# Chi-squared Distribution#

This is the gamma distribution with $$L=0.0$$ and $$S=2.0$$ and $$\alpha=\nu/2$$ where $$\nu$$ is called the degrees of freedom. If $$Z_{1}\ldots Z_{\nu}$$ are all standard normal distributions, then $$W=\sum_{k}Z_{k}^{2}$$ has (standard) chi-square distribution with $$\nu$$ degrees of freedom.

The standard form (most often used in standard form only) has support $$x\geq0$$.

\begin{eqnarray*} f\left(x;\alpha\right) & = & \frac{1}{2\Gamma\left(\frac{\nu}{2}\right)}\left(\frac{x}{2}\right)^{\nu/2-1}e^{-x/2}\\ F\left(x;\alpha\right) & = & \frac{\gamma\left(\frac{\nu}{2},\frac{x}{2}\right)}{\Gamma(\frac{\nu}{2})}\\ G\left(q;\alpha\right) & = & 2\gamma^{-1}\left(\frac{\nu}{2},q{\Gamma(\frac{\nu}{2})}\right)\end{eqnarray*}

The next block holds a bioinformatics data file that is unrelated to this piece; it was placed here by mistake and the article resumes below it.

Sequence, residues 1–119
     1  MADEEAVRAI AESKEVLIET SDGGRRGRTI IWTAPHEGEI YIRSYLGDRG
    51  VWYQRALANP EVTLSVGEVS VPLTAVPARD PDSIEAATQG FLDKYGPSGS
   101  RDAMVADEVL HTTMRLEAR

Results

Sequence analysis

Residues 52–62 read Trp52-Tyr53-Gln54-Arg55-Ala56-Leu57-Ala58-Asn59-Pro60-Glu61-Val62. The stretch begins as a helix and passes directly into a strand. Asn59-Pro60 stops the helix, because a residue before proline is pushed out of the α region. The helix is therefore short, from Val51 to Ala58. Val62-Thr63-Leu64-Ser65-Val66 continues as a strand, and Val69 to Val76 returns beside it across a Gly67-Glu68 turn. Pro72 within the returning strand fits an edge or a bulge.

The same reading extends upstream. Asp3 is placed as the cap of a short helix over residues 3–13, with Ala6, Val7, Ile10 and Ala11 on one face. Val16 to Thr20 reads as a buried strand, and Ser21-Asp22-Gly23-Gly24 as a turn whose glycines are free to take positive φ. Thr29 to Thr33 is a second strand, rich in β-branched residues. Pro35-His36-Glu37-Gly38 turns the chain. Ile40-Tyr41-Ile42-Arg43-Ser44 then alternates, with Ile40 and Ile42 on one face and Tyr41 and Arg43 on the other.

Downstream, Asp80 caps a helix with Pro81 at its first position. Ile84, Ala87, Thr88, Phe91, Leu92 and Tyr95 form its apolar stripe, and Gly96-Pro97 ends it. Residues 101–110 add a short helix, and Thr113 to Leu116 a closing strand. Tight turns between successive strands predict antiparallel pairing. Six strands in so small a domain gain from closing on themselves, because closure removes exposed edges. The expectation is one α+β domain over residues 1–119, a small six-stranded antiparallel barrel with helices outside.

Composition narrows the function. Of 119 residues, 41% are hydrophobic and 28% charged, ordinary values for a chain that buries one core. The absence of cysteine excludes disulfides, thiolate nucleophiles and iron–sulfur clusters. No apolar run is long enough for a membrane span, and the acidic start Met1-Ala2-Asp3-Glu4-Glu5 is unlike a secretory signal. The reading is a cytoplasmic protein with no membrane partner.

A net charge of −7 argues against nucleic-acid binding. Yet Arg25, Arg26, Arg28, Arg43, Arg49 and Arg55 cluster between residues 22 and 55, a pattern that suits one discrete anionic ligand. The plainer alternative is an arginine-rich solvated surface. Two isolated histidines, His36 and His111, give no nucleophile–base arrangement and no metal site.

where $$\gamma$$ is the lower incomplete gamma function, $$\gamma\left(s, x\right) = \int_0^x t^{s-1} e^{-t} dt$$.

$M\left(t\right)=\frac{\Gamma\left(\frac{\nu}{2}\right)}{\left(\frac{1}{2}-t\right)^{\nu/2}}$
\begin{eqnarray*} \mu & = & \nu\\ \mu_{2} & = & 2\nu\\ \gamma_{1} & = & \frac{2\sqrt{2}}{\sqrt{\nu}}\\ \gamma_{2} & = & \frac{12}{\nu}\\ m_{d} & = & \frac{\nu}{2}-1\end{eqnarray*}

Implementation: scipy.stats.chi2